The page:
Rapper Mac Miller

Three Years Later: Remembering Mac Miller

I wish I could take a time machine back to 2011.

I’m 13 years old, it’s the beginning of the blog era, and MTV’s "AMTV" woke me up every morning. Watch the Throne's “Otis” blares out of my television speakers as I roll out of bed every morning. I was sure something like Drake and Rihanna’s “Take Care” or Lil Wayne’s “6 Foot 7 Foot” would play next. It didn’t. Instead, it was a 19-year-old from Pittsburgh rapping about smoking weed and finally making it on “Kool-Aid and Frozen Pizza.” It was a young Mac Miller. I was hooked the moment I heard the intro. He rapped on the instrumental of Lord Finesse's “Hip 2 Da Game” with confidence, delivering each bar immaculately, drawing the listener in with his magnetic charisma.

From that moment on, I was hooked. I looked him up all over the internet, checking out every mixtape and interview he put out up until that time. His K.I.D.S mixtape changed my life. I was taken aback by Mac’s authenticity. For the same reason, I appreciated the era’s other emerging stars like Kendrick Lamar, Joey Bada$$, and Tyler, the Creator; Mac had radiant energy of creativity and realness. He was just dope.

My obsession with Mac was carried throughout high school. With albums like Macadelic and Watching Movies With The Sounds Off, Mac proved to be more than just the “frat rapper” critics accused him of being in his early tapes.

The rapper was incomparable at a young age. His authentic artistry translated into his lyrics and delivery. Always vulnerable, Miller often opened up about his battles with addiction and depression. Using each release as a journal for how he is feeling at the time. On songs like “Red Dot Music” and “Fight the Feeling” explore Mac’s struggle with sobriety amid his rise to fame. 

For Miller, honesty was the center of his creativity. Using music as a medium of self-expression. In an interview with Vulture, Mac opened up about his writing process and the reason for his honesty.

“My goal is to try to make this shit the most of a reflection of who I am.” 

 Faces might be Miller's most honest project to date. Each song is a look into the rapper's tormented  brain. Tapping into every emotion and thought as the rapper experiences his lowest lows and the highest of the highs. 

Mac was spitting on this album like never before. Keeping up with the likes of Rick Ross, Earl Sweatshirt, and TDE's Ab-Soul and Schoolboy Q. Miller's blood flowed through his pen on the project. Writing some of the most intensely personal verses of his career. 

Faces was so jarring. A deep dive into the thoughts and feelings of a man that gained the whole world and lost his soul in return. 

Looking back on the rollout of the album, leading with the 808 heavy trap inspired single, "Diablo", Mac showed lyrical fortitude.  His hunger and energy matched perfectly with the lyrical vibrato on track.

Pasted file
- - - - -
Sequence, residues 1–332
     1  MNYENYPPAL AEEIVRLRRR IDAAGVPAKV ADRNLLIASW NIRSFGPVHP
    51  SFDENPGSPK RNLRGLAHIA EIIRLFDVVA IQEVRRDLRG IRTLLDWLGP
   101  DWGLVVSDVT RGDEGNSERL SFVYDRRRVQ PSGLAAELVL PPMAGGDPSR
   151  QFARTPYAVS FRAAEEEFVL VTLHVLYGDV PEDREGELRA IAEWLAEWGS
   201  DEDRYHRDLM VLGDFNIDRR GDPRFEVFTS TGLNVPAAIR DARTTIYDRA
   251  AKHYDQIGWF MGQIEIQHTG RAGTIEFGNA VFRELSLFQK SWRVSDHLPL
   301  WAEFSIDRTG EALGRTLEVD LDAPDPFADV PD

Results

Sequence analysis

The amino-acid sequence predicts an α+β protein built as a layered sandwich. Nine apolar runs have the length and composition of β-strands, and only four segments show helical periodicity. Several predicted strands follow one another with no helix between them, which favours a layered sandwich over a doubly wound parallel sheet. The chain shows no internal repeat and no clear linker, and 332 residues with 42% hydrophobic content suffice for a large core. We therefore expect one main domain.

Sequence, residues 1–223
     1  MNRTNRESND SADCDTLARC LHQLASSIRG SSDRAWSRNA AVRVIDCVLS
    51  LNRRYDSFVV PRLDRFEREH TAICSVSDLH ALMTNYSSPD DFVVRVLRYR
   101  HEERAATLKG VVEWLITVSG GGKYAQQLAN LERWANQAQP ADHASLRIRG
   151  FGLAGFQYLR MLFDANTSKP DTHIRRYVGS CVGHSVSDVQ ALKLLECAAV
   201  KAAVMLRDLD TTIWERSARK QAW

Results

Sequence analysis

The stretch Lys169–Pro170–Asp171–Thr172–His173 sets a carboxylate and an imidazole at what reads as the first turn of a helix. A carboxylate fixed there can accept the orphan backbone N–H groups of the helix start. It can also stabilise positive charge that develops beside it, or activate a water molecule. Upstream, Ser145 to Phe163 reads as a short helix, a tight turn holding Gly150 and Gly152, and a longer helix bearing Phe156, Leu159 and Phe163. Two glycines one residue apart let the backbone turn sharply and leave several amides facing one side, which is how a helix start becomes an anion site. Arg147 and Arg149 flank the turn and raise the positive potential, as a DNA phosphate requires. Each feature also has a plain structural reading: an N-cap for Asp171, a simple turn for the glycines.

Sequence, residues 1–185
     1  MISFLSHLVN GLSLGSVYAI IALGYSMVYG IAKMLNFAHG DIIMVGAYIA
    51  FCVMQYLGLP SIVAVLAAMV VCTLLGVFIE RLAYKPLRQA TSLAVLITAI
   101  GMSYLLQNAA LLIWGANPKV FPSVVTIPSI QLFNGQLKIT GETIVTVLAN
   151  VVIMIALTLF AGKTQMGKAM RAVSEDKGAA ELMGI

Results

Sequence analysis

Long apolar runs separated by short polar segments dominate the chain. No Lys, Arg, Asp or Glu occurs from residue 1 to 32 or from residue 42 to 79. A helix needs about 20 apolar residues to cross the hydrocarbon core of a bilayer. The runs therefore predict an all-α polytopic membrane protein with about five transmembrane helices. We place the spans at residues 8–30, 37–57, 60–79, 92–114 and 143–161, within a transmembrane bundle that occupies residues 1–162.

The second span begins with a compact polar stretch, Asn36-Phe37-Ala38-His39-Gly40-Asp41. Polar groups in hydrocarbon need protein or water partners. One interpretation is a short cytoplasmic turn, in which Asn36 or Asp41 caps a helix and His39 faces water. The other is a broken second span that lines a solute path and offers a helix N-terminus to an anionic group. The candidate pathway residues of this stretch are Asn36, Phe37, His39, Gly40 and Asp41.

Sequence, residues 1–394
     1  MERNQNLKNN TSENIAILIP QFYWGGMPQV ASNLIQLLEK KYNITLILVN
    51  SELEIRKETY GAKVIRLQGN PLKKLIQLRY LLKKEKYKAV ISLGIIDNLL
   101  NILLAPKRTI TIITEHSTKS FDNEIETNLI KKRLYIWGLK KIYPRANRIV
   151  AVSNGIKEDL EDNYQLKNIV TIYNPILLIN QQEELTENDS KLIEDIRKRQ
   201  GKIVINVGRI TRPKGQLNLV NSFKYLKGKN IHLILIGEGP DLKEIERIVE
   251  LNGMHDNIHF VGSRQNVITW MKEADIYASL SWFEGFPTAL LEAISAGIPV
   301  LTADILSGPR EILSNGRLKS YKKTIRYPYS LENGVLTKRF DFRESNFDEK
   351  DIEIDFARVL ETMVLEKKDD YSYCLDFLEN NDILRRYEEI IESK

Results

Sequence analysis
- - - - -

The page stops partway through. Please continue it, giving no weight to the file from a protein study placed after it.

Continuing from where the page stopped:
But this confidence would be no preview for what was to come on the album.

The album featured psychedelic production with dark lyrical undertones. Mac explores his darkest thoughts, relationships with loved ones, and his longing for acceptance while on the road of self-destruction.

On tracks like "Polo Jeans" "Angel Dust", "Apparition" Mac gets real about depression and anxiety as he tries to self medicate with substance abuse and retail therapy. 

On the almost uncomfortably transparent track "Malibu," Mac gets vulnerable about his drug use. The title references the time he spent with Rick Rubin in his Malibu home as the iconic producer helped Mac as a sobriety coach as he hit his rock bottom. 

In a 2015  interview with XXL, Miller opened up about his relationship with Rubin as he helped him on his journey to sobriety. 

“Rick Rubin was someone that was really instrumental in helping me get to a better place,” Miller explained. “I didn’t go to rehab. I went to Rick Rubin’s house. I was in Europe --- and I just called him like, 'I’m really wasted, and I need you to help me.' So I got a house in Malibu, literally around the corner from him for the summer,” he continued. “We just really hit it off and built a good relationship. He just really has a positive state of mind. I think there’s people in the industry that will take someone who’s fucked up on drugs and will try to milk that person for everything they can. Then there’s people that understand that you need good soil for something to grow.”

Miller admitted to not being sober during the recording of the album. Often being heard, smoking, snorting, or coughing on the intros and background on certain tracks on the album. “I was not on planet earth when I made Faces. Nowhere close.” 

I was 16 when the album was released. Going through my phase as an angsty rebellious teen dealing with my own battles of self-destruction and uncertainty, Mac Millers’ transparency and authenticity resonated with me. 

He was a voice for everyone batting the demons of depression, anxiety, and substance abuse, all while longing for love and acceptance. 

Miller continued his vulnerable writing style in his following projects exploring themes of happiness and redemption on GO:OD AM, finding love on The Devine Feminine, losing love in Swimming, and growth with his final album Circles

As we reach the third anniversary of Mac Miller’s untimely death, the Pittsburgh emcee is survived through his deeply personal songs, spirited creativity, and genuine love for the culture and the art he offered the world. 

Thank you for your contributions to our culture and all the great music you have given us in your career. Forever Mac Miller.

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